Far from her oldest friends and bereft of her parents, Messud felt simultaneously burdened and strangely alone, with neither the solitary space to work nor the consolations of community. “I am an outsider—which, logically, I shouldn’t be,” she says. “And I sometimes have to wonder, ‘What is it? Is it that I didn’t follow the trajectory that was expected of me? Is it that I didn’t come to live in New York? Is it that I married an Englishman? Is it that I married an Englishman who is a critic that everybody wants to have an opinion about, and in having an opinion either embraces him—in which case they can’t embrace me because that would seem like nepotism—or they don’t embrace him, in which case they either embrace me because they’re not embracing him, or they don’t embrace me because they’re not embracing him?’ ”

Messud’s parents gave her a privileged but rootless childhood, a world of silly accents from the start. For her 6th birthday, she was given a typewriter. By then the Messuds (Claire’s father French, her mother Canadian) were already living on their ­second continent—relocated from Connecticut to Australia by her father’s employer, a French steel conglomerate. A few years later, they moved to Toronto, and then back to Connecticut, where Messud was sent to Milton Academy. “Obama,” she says, “was the first president whose biography makes sense to me. He can walk into a room anywhere and find common ground with any person.”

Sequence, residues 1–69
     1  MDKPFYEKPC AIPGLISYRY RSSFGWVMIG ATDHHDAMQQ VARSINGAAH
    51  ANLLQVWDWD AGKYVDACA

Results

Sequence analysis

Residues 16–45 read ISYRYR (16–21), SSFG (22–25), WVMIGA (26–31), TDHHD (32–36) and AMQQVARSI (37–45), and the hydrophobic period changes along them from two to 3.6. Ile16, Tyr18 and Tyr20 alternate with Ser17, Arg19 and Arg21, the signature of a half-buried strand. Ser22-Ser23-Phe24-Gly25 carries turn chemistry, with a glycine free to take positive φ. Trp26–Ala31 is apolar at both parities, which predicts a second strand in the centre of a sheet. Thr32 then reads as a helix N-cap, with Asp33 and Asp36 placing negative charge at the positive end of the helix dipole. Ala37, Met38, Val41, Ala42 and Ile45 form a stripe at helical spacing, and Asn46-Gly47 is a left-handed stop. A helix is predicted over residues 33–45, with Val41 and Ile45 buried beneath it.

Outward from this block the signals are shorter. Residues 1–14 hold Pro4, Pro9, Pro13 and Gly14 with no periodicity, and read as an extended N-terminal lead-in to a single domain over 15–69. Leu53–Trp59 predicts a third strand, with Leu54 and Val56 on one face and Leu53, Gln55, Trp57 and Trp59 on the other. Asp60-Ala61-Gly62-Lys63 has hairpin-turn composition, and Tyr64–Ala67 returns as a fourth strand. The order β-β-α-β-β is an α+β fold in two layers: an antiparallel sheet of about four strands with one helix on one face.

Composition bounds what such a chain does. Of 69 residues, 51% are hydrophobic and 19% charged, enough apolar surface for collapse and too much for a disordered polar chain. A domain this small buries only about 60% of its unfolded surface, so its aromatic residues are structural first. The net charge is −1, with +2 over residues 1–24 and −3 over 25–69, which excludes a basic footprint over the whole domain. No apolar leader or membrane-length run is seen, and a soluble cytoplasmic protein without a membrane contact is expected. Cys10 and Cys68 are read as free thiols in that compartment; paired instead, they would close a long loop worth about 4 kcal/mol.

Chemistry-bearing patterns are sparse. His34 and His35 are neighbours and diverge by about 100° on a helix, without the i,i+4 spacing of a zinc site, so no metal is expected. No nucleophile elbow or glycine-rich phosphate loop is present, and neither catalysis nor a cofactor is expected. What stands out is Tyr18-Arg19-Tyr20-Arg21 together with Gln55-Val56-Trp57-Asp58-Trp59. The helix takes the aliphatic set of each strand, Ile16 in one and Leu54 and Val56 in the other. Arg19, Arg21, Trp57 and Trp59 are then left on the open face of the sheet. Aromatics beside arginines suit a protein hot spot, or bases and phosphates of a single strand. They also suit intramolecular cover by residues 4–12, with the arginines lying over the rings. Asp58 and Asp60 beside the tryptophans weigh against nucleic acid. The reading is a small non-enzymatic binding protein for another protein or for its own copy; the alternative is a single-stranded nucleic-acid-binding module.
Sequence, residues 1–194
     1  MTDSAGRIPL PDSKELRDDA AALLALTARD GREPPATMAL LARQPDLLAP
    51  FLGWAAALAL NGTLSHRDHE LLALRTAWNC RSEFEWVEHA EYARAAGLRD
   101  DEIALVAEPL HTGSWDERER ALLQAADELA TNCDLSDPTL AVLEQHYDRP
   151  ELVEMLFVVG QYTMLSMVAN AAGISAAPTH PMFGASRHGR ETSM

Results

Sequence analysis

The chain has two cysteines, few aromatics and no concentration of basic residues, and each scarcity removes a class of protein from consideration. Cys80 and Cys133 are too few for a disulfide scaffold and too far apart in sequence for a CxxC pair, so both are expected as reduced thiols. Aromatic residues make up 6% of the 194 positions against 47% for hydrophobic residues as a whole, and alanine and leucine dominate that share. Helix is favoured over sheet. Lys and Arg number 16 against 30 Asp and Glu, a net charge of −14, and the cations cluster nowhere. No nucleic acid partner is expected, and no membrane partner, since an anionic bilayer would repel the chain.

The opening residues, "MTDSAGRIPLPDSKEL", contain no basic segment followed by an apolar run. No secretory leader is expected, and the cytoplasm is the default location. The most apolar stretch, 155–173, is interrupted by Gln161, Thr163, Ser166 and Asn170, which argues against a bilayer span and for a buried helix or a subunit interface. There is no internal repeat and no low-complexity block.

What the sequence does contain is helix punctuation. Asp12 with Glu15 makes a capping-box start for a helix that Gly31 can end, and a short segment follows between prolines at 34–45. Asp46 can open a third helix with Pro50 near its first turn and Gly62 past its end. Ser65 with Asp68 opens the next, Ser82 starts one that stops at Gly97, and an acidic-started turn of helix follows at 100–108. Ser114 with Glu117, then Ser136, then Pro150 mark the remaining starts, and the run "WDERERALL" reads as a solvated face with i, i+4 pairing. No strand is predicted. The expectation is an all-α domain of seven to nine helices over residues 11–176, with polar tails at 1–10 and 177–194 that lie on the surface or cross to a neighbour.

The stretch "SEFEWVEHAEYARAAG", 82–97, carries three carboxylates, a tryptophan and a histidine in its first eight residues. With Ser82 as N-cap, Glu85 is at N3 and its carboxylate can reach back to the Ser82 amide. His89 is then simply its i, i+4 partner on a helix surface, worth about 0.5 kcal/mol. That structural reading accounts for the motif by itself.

Messud’s old Milton dormmate Sheila Gallagher remembers her as “incredibly worldly and cultured and civilized.” The “well-adjusted, athletic blondes” occupied a different house and another social stratum, but among the “darker brunettes,” Messud was a presence: a smoker, a stem-winding storyteller, the queen of the outcasts. When I say it sounds like she’s describing Susan Sontag, ­Gallagher says, “She’s nicer. She’s a very good girl.”

After Yale and Cambridge, Messud went off for an M.F.A. at Syracuse, carrying with her the “very British and high-­modernist, feminist” novels her mother raised her on. Up there, “Ray’s last deer was still in [his widow’s] freezer,” she says, referring to Raymond Carver, whose minimalist aesthetic ruled the day. “Men, guns, and dogs—and me,” she adds. “When I was young I didn’t realize how things were determined by fashion. I thought, Oh, that’s what writing should be, and I can’t do it.” She dropped out and moved to London—and to Wood—in 1990.

Two years later, Wood became the chief book critic for the Guardian, where he made a name behaving like a brash young man on the hunt for sacred cows. But literary London came to seem small, “airless.” Messud wanted to move closer to her family and friends, and Wood “was making myself sick,” he says, “by how much I cared about what was going on in the reviews—who’s up, who’s down.” In 1995, a year after Messud’s first novel came out, Wood was hired to lend The New Republic some highbrow English flair, and they moved to D.C.